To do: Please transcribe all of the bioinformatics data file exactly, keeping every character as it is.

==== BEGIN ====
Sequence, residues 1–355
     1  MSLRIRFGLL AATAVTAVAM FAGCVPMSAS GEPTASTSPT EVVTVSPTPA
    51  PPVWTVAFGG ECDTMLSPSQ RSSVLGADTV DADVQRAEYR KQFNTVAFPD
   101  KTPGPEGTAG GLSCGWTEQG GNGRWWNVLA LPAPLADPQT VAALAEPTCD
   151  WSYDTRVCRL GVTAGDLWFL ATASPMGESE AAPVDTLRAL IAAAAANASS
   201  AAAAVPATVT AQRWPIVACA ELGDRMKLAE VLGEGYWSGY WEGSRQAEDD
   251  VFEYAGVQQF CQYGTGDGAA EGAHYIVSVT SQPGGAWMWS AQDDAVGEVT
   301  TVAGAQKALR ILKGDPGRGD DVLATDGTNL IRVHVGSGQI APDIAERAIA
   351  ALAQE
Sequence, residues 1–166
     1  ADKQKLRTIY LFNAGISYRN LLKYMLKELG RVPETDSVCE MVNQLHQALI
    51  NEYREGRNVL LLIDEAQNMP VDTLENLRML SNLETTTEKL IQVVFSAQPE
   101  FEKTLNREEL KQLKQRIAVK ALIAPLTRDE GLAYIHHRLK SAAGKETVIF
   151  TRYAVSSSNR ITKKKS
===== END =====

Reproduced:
Sequence, residues 1–355
     1  MSLRIRFGLL AATAVTAVAM FAGCVPMSAS GEPTASTSPT EVVTVSPTPA
    51  PPVWTVAFGG ECDTMLSPSQ RSSVLGADTV DADVQRAEYR KQFNTVAFPD
   101  KTPGPEGTAG GLSCGWTEQG GNGRWWNVLA LPAPLADPQT VAALAEPTCD
   151  WSYDTRVCRL GVTAGDLWFL ATASPMGESE AAPVDTLRAL IAAAAANASS
   201  AAAAVPATVT AQRWPIVACA ELGDRMKLAE VLGEGYWSGY WEGSRQAEDD
   251  VFEYAGVQQF CQYGTGDGAA EGAHYIVSVT SQPGGAWMWS AQDDAVGEVT
   301  TVAGAQKALR ILKGDPGRGD DVLATDGTNL IRVHVGSGQI APDIAERAIA
   351  ALAQE
Sequence, residues 1–166
     1  ADKQKLRTIY LFNAGISYRN LLKYMLKELG RVPETDSVCE MVNQLHQALI
    51  NEYREGRNVL LLIDEAQNMP VDTLENLRML SNLETTTEKL IQVVFSAQPE
   101  FEKTLNREEL KQLKQRIAVK ALIAPLTRDE GLAYIHHRLK SAAGKETVIF
   151  TRYAVSSSNR ITKKKS